The Peruvian-born, Belgian-based artist’s first solo show in Italy explores quotidian cause-and-effect reactions. Encouraging a fresh perspective on the everyday, Lamas turns his attention to objects commonly used in ways that are surprisingly different from what they were designed to do.
Nicolàs Lamas The Structure of the Wild
Since 1923 the Triennale di Milano has been a showcase for modern design, including decorative arts, fashion, and architecture. Among the exhibitions this year, “Arts and Foods: Rituals since 1851” (April 9–November 1), curated by Germano Celant, provides a global overview of the connection between food-related aesthetics and rituals.
To create his ethereal “Nimbus” photographs, Berndnaut Smilde uses a powerful fog machine that forms delicate white clouds in improbable interior locations. In the age of Photoshop, Smilde’s photographs raise another set of questions about what is “real.”
Berndnaut Smilde Solo show
Juxtaposing work by two contemporary artists alongside ceramics by Lucio Fontana, this exhibition shows off certain contradictions of clay. Complementing Fontana’s Informel figures, Caroline Achaintre’s clay objects are simultaneously modern and primitive, while Ivan Seal’s gestural and ceramics-encrusted paintings hover between two and three dimensions.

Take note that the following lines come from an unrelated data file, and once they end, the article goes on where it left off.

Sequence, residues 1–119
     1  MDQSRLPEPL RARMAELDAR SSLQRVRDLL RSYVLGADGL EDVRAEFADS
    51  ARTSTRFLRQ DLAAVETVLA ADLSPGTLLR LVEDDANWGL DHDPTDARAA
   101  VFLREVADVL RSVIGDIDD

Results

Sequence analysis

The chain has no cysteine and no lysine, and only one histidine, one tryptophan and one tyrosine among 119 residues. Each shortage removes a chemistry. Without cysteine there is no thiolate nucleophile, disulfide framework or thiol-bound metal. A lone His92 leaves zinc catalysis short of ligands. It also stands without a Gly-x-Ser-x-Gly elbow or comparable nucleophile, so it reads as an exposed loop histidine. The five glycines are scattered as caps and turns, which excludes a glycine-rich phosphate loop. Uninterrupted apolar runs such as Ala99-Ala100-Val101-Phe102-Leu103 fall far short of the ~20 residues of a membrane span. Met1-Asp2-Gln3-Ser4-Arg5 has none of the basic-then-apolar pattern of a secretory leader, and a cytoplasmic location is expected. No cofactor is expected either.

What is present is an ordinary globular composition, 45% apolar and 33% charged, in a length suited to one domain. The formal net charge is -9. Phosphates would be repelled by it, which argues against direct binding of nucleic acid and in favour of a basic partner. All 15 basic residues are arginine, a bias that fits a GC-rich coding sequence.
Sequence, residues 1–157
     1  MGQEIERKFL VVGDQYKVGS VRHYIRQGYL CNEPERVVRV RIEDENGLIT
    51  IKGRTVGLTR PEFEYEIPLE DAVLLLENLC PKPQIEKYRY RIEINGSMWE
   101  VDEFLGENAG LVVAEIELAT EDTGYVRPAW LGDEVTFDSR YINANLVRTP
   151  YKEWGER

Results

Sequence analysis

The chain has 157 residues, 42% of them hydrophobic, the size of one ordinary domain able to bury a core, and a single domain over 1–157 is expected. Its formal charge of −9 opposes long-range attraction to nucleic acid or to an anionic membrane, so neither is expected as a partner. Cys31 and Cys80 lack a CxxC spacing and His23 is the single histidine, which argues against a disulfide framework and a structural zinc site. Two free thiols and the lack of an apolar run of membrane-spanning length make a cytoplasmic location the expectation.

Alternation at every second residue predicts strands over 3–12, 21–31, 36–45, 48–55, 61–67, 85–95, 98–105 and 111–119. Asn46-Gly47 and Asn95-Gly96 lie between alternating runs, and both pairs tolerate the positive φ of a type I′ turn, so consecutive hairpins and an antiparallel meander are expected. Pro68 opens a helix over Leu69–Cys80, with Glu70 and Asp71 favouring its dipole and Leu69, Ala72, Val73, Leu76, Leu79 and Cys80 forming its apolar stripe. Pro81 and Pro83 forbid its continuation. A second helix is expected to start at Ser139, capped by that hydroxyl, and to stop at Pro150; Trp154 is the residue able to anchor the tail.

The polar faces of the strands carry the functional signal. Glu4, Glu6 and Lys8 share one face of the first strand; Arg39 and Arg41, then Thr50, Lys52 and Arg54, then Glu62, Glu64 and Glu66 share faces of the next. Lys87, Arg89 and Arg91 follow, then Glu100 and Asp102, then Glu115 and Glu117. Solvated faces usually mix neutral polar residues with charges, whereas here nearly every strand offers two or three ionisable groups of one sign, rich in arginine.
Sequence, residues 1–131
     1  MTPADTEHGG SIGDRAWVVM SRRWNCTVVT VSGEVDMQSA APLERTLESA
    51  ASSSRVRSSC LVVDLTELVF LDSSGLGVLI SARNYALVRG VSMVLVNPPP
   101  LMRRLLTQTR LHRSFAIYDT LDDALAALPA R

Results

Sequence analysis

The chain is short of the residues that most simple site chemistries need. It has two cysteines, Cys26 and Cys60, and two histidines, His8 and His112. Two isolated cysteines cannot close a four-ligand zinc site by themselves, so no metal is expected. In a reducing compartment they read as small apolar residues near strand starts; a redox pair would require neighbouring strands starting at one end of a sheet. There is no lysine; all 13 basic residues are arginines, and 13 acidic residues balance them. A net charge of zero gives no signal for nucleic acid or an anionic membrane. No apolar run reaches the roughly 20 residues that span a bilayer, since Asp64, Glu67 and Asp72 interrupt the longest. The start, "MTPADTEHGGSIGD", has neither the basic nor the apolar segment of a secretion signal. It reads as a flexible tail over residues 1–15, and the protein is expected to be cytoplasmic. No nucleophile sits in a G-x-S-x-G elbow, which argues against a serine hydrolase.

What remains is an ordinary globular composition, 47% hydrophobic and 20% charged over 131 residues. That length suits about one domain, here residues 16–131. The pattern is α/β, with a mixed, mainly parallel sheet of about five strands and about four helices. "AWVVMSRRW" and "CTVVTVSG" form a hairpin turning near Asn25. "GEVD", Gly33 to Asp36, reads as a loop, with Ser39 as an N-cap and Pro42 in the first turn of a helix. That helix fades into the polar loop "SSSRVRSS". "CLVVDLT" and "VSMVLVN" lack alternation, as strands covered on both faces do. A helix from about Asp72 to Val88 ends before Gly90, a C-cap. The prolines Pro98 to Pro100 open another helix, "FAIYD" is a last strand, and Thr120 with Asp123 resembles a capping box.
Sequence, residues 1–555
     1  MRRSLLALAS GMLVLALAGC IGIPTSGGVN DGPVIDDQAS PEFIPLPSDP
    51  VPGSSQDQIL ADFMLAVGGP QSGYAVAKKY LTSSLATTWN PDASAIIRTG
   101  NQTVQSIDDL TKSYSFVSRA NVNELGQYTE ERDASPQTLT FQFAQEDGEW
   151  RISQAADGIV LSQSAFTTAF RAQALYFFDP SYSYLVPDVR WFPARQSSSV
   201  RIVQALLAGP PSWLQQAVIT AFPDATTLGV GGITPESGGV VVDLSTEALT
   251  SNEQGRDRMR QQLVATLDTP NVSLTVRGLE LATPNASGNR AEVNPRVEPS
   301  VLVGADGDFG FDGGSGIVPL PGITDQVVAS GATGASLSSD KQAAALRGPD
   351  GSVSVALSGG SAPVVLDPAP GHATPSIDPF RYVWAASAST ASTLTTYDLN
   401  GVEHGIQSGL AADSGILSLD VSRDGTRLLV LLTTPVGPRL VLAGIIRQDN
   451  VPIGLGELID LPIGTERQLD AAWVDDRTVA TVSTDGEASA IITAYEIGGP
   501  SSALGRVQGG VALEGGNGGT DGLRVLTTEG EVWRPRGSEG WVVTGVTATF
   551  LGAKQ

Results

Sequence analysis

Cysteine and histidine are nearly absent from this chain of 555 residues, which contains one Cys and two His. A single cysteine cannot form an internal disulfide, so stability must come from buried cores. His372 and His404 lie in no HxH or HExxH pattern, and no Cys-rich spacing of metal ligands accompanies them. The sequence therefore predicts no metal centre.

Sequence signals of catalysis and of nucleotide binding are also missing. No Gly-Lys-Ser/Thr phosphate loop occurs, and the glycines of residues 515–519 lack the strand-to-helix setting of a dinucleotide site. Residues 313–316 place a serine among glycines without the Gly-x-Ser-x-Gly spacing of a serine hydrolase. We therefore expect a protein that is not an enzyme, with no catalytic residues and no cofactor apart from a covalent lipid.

Lucio Fontana | Caroline Achaintre | Ivan Seal A Conversation about Ceramics
In addition to the well-known sculpture that lends the show its title, this exhibition features other politically charged sculptures by Ed and Nancy Kienholz. Among them: The Bronze Pinball Machine with Woman Affixed Also, 1980, which presents the female body as pure entertainment, and 76 J.C.s Led the Big Charade, 1993–1994, one of the couple’s final installations, in which seventy-six wall-mounted crucifixes (made with baby doll parts and wagon chassis) take aim at institutionalized religion.
Edward Kienholz and Nancy Reddin Kienholz KIENHOLZ: FIVE CAR STUD
Natural elements meet brutalist minimalism in “Cement Floor,” an exhibition featuring the work of Xiao Yu. The Beijing-based artist—whose work was included in the forty-ninth Venice Biennale curated by Harald Szeemann—has created a cube of concrete imprinted with a surrounding cage of bamboo poles, as if to underscore the forms of captivity enabled by the pressures of urban development and the tensile strength of organic materials alike.
Xiao Yu Cement Floor
A wide sampling of Andy Warhol’s signature 1960s “Screen Tests” as well as his Polaroids from the ’70s and ’80s make up the first show in China to look at the major role of mechanical reproduction in Warhol’s work. Also on view, his screenprinted wallpapers and fetching, iconic Silver Clouds guide viewers across the gap between indexicality and pure, tactile materiality.
Andy Warhol Contact